Little ghosts

27 08 2014

There’s always something a little ghostly about a small child padding through the dark house in the night, her pale nightgown (or footie jammies, more often) glowing in the dim light of street lamps or ceiling-projection, perhaps because they seem so out of place. Small children are sunny creatures, made of and for daylight; at night they should be limp, sweaty forms in small, pastel beds, safe and still and snoring.  They also always bode the possibility of a little bit of horror–is the child only awake for a drink of water, or is it feeling unwell, and is on its way to find you so as to vomit elaborately all over your bed? (A few nights ago, our ghost tumbled out of bed onto Daddy’s head (he’d fallen asleep on the floor after putting her back in after the last tumble), breaking his nose and making a bloody mess of our night, literally. For example.). But for the most part, they’re friendly ghosts, for the most part, much more evocative of Caspar than Poltergeist, although they can be startling.  In the dark, too, they’re hard to recognize–and time seems a little more bendable anyway–so at first glance they always might be some other child you knew, once-upon-a-time, or the flickering leftover image of some child you didn’t know, but who happened to live in this old house long before you did.  Last night’s ghost was just a weeping toddler in glowing blue footies, still in bed, mumbling something about bananas before succumbing to a little snuggle and a return to sleep.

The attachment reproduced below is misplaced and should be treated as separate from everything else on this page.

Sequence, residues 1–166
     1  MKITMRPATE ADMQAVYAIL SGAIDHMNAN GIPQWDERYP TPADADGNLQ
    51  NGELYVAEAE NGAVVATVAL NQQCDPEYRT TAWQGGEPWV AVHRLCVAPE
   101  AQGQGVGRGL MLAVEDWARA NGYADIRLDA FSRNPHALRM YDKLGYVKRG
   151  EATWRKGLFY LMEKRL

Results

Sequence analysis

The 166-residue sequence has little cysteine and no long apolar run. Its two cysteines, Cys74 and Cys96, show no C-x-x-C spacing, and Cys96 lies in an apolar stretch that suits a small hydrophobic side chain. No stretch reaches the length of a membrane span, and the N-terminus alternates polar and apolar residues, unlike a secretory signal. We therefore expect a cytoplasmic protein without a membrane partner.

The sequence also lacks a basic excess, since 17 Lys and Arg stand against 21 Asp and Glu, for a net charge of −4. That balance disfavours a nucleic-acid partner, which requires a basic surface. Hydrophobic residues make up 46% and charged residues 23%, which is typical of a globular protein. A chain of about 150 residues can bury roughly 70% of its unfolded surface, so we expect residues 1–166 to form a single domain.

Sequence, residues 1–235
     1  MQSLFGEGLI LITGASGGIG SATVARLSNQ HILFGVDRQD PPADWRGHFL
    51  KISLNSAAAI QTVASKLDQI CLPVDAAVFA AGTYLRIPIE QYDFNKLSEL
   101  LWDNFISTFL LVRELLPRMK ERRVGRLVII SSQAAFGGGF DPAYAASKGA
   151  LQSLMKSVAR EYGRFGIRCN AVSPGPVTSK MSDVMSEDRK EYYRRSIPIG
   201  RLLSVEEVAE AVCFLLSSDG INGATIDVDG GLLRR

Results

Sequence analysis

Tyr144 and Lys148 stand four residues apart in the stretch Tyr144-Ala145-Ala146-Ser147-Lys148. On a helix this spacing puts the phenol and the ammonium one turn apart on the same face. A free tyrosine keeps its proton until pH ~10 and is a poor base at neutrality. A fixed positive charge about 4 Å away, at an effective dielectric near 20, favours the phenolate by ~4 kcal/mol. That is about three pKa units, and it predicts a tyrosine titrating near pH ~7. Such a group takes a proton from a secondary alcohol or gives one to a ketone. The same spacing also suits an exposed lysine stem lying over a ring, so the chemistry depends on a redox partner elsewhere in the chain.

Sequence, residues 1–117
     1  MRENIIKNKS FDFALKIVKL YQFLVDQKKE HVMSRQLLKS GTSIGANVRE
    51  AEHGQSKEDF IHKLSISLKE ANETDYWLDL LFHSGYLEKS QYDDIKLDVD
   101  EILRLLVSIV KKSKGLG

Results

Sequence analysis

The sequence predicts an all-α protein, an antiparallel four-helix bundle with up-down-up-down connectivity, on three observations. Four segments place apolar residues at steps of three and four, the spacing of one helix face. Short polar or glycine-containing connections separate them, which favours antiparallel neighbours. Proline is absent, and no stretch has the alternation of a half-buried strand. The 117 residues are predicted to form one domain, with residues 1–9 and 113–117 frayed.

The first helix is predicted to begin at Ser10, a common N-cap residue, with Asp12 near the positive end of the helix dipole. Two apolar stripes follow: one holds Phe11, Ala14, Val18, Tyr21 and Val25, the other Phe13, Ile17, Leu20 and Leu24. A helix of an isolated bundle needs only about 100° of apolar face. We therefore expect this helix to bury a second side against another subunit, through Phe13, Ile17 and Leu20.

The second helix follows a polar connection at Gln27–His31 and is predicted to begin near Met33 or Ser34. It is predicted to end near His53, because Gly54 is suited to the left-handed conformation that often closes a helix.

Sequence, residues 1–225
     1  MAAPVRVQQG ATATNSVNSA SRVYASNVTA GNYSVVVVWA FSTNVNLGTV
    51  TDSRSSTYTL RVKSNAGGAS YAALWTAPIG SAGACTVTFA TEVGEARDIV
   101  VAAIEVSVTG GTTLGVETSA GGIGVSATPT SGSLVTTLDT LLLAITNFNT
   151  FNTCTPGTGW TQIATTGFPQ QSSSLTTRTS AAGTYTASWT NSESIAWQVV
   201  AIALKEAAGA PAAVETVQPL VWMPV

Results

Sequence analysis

The half-awake night-walker is not the only kind of ghost we have, though.  For two years, the room right beside our bathroom door was Evanny’s room (it was the nursery, planned for her, before she had a name, so it was technically just “the baby’s room” for a while, but the idea is the same). Now, suddenly, since she’s moved down the hall, and Tabitha is still a tiny baby in a bassinet in our room, it’s nobody’s room, and the door, normally shut against the cats, and shutting in the soft repetition of her wave-maker and sleep-song, is open, a dark and silent maw gaping in the night when I go for a mid-night wee. (During the day, it’s a different kind of horror, a mess of mixed-sized clothes and half-empty boxes that I’ve been trying for weeks to sort out and store, and am still completely failing at.). It’s a relief in some ways–we spent innumerable hours tiptoeing past that door, paranoid about the click of the door latch, the rattle of the towel-rack, the flick of the light switch, the whir of the fan; for over a year we didn’t dare flush the toilet at night. And yet in our new freedom, something precious is absent, missing, gone-from-the-world, and its sweet but domineering little spirit haunts that space. I’m one of those instant-risers who rarely wakes up muddled. Even in the middle of the night on miserly Mum-of-newborn sleep, I know where Evanny actually is and that she’s totally fine. But there’s a pang every time, defying the logic of that knowing, telling me something is amiss and my baby is GONE. The open door, the silence: it could be kidnappers. And in its own way, it is, of course, so it’s no wonder the toddler down the hall doesn’t quite negate the feeling. The kidnapper’s name is “time.”





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